a man looking at the camera: Jesus Mendoza, 23, at his Southeast Side home Thursday, Oct. 8, 2020. Mendoza graduated from Chicago State University in May with a business administration degree.

© Brian Cassella / Chicago Tribune/Chicago Tribune/TNS
Jesus Mendoza, 23, at his Southeast Side home Thursday, Oct. 8, 2020. Mendoza graduated from Chicago State University in May with a business administration degree.

The 23-year-old thought he’d enter the job market well-prepared, with an internship at the Chicago Police Department on his resume.

But the COVID-19 health crisis upended that plan. His internship was canceled, his graduation was delayed until August, and he sat in his bedroom for the virtual commencement ceremony. Now he’s looking for a job in a pandemic-induced recession.

a man sitting on a bench in front of a laptop: Jesus Mendoza, 23, graduated from Chicago State University in May with a business administration degree.

© Brian Cassella / Chicago Tribune/Chicago Tribune/TNS
Jesus Mendoza, 23, graduated from Chicago State University in May with a business administration degree.

“I chose the worst year to get my life together,” said Zheng, a first-generation college graduate who lives in Chicago’s McKinley Park neighborhood.

As the coronavirus pandemic wears on, Zheng and other recent college graduates are grappling with a tight job market, high unemployment rates and pressure to find work to pay off student loans.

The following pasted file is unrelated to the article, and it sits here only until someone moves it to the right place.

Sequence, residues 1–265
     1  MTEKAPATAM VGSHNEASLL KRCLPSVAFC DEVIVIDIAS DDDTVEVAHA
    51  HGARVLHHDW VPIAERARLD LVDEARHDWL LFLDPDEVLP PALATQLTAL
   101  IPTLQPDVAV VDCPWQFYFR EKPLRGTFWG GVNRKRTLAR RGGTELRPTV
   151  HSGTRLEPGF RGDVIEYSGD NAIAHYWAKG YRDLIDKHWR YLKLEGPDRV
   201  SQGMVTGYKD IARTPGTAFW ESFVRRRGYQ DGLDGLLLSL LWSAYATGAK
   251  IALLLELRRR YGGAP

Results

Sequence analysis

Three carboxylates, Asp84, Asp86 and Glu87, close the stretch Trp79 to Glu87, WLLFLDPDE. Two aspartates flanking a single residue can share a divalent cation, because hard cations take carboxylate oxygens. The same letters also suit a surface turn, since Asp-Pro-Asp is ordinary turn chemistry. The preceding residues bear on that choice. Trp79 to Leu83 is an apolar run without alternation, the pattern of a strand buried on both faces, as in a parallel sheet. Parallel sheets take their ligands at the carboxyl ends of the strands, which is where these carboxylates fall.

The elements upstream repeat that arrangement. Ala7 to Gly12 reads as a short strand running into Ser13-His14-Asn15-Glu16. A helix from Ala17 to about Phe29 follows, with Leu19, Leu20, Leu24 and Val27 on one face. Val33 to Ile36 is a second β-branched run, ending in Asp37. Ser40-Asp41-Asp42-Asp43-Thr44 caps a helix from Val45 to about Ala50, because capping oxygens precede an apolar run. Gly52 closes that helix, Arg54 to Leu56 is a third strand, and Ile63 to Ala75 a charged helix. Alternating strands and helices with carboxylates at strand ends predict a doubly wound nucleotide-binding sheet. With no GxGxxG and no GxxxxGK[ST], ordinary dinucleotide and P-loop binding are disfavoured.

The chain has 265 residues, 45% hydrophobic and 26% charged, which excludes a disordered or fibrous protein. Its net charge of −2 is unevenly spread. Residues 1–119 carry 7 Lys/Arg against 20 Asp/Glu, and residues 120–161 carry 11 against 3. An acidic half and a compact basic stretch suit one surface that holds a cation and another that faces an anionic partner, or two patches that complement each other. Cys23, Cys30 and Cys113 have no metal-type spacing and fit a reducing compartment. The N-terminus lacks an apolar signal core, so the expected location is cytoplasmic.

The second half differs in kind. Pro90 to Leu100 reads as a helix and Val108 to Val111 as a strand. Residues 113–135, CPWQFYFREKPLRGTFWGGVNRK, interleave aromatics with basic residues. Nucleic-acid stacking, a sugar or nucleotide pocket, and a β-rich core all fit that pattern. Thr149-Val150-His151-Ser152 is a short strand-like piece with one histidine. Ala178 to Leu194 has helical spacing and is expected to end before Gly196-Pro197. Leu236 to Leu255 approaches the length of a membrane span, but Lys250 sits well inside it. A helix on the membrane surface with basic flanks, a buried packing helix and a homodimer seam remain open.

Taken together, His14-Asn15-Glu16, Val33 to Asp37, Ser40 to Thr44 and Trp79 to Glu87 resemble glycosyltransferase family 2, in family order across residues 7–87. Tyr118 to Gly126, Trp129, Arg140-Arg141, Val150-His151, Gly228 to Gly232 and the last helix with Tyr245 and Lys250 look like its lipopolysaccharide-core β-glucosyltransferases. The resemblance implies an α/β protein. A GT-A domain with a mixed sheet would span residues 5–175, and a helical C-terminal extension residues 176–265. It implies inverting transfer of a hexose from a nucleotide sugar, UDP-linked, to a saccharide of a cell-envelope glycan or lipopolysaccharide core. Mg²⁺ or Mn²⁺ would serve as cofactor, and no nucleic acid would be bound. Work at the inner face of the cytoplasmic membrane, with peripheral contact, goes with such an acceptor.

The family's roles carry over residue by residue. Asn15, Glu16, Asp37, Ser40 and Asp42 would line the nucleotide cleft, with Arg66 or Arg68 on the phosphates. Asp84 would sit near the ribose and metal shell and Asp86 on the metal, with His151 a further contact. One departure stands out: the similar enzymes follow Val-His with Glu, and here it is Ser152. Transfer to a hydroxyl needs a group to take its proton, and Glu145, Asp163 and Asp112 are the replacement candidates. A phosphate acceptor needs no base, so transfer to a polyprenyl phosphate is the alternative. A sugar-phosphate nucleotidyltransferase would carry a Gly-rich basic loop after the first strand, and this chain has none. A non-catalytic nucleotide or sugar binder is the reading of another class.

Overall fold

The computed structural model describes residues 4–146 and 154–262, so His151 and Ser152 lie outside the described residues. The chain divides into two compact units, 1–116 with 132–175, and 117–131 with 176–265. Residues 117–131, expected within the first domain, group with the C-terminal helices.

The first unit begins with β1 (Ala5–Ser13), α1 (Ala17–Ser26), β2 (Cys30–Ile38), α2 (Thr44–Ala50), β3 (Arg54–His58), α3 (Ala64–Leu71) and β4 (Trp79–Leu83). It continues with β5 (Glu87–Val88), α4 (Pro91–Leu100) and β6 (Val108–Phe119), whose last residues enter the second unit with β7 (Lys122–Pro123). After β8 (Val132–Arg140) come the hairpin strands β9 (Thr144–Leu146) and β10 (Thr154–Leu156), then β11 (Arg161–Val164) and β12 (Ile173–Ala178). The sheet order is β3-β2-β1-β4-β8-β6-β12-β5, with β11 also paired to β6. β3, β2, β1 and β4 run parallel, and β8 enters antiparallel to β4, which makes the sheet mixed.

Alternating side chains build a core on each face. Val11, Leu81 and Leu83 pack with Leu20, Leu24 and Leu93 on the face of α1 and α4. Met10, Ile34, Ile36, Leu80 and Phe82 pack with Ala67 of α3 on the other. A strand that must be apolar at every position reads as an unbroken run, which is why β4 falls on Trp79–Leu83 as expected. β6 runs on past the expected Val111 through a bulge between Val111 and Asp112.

At the start of the year, Generation Z, typically defined as those born after 1997, was headed into the workforce during the longest economic expansion in U.S. history. But now the unemployment rate in Illinois for those ages 20 to 24 is 15.5%, one of the highest among all age groups in the state, according to data from the U.S. Department of Labor.

a man sitting in front of a building: Kevin Zheng, 23, a first generation college graduate from the University of Illinois at Chicago, poses for a photo in the backyard of his parents' home, Oct. 9, 2020.

© Abel Uribe / Chicago Tribune/Chicago Tribune/TNS
Kevin Zheng, 23, a first generation college graduate from the University of Illinois at Chicago, poses for a photo in the backyard of his parents’ home, Oct. 9, 2020.